They walked most of the time, lived in traditional Chinese hogans, and ate local food, including “to-fu” and with food “served in little heaps in which nothing is whole and entire.” The visited Kumbum monastery in eastern Tibet, as had Alexandra David-Neel a few years before. Ella was charmed by the colors of the place and the holy men who looked like “perambulating tulips.” They ate Tsamba, a Tibetan food made from toasted barley meal and buttered tea (I know it sounds gross, but it seems to be the only drink in Tibet.)
In central Asia, they traveled in caravan – 250 camels, 30 horses, and 80 humans. Every night Peter would say, “Sixty li’s (measure of distance) nearer to London.” Ella felt the opposite. She said,
“I was so completely absorbed in the life of the trail, …the life of the beasts, of the elements, it was as though I had always been living it.”
In the mountains, Peter’s eyes suffered from the extreme light. He had neglected to bring along goggles even though she had told him to. Their interactions became curter and their bantering not as nice. Peter thought she was too serious, and she didn’t understand his British humor. She wanted to understand the “thousands of diverse lives that make up humanity,” and he just wanted to get back to England.
on June 4, 109 days after leafing Peking, they came to Sinkiang (now Xinjiang province) in northwest China, home to many ethnic groups, including the Uyghur people (Muslims that are currently being persecuted by the Chinese). Their travel became even more monotonous, and Ella recited poetry over and over to herself to keep on going. The most exasperating thing about the journey was fleas. She had to “engage in mortal combat” with them almost every night.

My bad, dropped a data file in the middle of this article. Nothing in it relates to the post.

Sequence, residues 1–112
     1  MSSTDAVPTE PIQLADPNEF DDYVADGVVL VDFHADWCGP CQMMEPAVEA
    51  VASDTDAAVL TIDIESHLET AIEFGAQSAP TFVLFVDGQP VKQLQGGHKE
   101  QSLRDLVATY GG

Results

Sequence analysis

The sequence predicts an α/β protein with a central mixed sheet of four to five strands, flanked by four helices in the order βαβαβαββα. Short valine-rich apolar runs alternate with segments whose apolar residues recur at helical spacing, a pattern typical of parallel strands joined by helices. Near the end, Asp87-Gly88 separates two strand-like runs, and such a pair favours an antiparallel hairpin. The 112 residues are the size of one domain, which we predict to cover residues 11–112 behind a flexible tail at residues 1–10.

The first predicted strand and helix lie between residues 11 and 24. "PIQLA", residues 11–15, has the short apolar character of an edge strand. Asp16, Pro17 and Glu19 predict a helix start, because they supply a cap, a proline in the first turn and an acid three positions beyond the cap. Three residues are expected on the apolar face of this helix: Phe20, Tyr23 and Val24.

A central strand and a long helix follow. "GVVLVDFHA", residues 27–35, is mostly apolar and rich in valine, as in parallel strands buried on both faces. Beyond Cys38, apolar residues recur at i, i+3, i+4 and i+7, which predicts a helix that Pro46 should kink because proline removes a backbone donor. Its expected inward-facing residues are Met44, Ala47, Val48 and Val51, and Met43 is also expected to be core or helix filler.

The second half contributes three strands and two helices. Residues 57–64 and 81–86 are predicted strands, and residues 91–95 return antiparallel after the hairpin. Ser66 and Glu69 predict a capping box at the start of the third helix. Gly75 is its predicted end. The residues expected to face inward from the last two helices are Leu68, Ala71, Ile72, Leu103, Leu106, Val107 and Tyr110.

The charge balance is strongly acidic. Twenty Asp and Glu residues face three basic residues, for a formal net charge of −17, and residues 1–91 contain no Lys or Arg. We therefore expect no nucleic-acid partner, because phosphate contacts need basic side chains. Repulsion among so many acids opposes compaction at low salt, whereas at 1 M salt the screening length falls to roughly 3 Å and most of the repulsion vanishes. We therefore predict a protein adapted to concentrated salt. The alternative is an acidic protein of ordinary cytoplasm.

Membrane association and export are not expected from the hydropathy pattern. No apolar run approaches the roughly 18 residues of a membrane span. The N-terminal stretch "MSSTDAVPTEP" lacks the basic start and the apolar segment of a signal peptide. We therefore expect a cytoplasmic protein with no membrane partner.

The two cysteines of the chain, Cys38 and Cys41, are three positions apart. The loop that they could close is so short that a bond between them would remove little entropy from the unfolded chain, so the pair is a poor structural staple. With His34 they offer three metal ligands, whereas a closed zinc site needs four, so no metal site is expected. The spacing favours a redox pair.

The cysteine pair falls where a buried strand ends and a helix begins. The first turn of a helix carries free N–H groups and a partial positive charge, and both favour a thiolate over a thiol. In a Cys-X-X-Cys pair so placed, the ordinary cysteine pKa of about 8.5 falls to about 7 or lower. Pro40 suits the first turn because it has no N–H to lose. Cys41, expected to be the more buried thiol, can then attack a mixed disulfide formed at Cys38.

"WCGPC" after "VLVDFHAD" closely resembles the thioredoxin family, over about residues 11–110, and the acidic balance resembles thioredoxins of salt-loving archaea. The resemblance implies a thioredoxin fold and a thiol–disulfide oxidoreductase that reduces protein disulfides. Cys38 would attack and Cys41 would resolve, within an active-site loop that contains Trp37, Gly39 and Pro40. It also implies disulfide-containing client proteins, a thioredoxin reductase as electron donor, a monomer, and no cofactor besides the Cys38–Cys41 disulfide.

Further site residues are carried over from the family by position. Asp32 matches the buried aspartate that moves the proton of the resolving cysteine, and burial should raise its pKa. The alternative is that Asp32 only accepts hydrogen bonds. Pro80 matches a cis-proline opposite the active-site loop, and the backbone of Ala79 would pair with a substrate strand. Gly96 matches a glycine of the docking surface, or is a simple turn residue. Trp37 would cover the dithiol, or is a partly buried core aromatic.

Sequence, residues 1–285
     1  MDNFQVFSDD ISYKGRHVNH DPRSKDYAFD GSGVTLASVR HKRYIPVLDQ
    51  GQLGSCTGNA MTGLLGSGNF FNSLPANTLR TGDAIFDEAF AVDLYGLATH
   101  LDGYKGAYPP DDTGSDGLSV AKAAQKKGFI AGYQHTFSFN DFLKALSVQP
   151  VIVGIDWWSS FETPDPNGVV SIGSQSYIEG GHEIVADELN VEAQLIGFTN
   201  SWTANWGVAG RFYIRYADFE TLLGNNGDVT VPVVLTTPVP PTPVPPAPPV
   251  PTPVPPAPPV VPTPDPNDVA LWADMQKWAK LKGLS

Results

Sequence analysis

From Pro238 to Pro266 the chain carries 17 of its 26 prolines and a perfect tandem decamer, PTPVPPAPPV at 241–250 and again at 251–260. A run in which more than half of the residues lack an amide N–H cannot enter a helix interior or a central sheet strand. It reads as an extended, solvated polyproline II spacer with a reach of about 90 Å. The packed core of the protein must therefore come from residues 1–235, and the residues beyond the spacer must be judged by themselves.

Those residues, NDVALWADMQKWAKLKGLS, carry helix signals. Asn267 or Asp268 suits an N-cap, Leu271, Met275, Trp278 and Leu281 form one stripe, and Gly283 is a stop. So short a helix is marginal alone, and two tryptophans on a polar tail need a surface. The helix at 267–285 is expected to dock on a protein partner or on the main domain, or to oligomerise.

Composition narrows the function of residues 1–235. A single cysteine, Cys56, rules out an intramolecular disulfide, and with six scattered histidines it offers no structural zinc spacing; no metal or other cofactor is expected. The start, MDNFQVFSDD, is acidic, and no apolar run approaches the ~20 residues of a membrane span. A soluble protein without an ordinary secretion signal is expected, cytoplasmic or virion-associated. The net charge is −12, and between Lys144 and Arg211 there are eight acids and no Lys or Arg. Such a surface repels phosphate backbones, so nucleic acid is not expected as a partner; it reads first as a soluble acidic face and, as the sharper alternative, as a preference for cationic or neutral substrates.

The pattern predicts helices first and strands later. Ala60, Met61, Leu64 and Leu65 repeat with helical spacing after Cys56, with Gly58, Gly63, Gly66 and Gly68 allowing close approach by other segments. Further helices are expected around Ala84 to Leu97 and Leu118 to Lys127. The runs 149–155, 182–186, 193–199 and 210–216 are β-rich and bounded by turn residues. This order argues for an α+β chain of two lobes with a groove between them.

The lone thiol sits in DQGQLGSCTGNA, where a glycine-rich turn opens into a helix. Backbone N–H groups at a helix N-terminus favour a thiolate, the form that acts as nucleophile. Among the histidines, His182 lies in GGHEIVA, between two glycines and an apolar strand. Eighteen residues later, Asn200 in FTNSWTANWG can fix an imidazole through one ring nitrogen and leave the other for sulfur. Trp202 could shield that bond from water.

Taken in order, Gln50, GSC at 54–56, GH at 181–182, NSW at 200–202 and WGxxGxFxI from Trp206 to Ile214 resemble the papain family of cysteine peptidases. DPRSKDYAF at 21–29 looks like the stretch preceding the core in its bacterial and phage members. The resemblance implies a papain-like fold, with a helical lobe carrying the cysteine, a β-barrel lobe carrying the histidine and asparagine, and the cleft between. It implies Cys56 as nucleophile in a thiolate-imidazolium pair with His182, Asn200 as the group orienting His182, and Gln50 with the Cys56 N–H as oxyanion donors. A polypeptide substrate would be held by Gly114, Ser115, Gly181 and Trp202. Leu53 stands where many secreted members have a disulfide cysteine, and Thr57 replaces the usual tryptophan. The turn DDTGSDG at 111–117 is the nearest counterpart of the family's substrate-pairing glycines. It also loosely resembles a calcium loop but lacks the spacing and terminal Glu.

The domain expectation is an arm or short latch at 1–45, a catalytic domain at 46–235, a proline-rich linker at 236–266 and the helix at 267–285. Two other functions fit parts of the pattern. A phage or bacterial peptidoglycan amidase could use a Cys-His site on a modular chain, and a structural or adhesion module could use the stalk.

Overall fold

During their trek through this part of China, they were stopped often by soldiers who asked for their papers.
There’s much more in Ella’s story, but I’ll stop here in the hope that you will be interested in reading it. On September 12, at 17,000 feet, they ended their trip in Kashmir, in India.
Ella was sad to say goodbye to the “careless life of the trail” and head back to Europe, where “shadows of war” were hovering.
‘Suddenly I understood something. I felt now, with all the strength of my senses and intelligence, that Paris, France, Europe, the White Race, were nothing….The something that counted in and against all particularisms was the magnificent scene of things that we call the world.”
Ella’s Later Life
Peter Fleming went back to England, married actress Celia Johnson later in 1935. He continued to explore and write about his adventures, including Brazilian Adventures (still in print). He died in 1971 at age 64.
Ella Maillart continued to travel, including trips to Afghanistan, Turkey, and Iran. In 1939 she traveled to Kabul, Afghanistan, but this trip was cut short by the start of World War II. During the war she was in India studying Hundu philosophy. She returned to Tibet in 1986, then retired to her home in Chandolin, Switzerland, a virtual recluse after so many years of adventuring. She died at age 94 in March, 1997.
Journalist Simon Schreyer calls her
“an ardent traveller, a bride of the wind and a storyteller, like the world had not seen before.”
I agree. She lived life on her own terms, confident, at her own terms, and out loud.
Much information and all quotes are from Forbidden Journey
*Brian Fagan, From Stonehenge to Samarkand.
A complete biography is available on her website: http://www.ellamaillart.ch/bio_en.php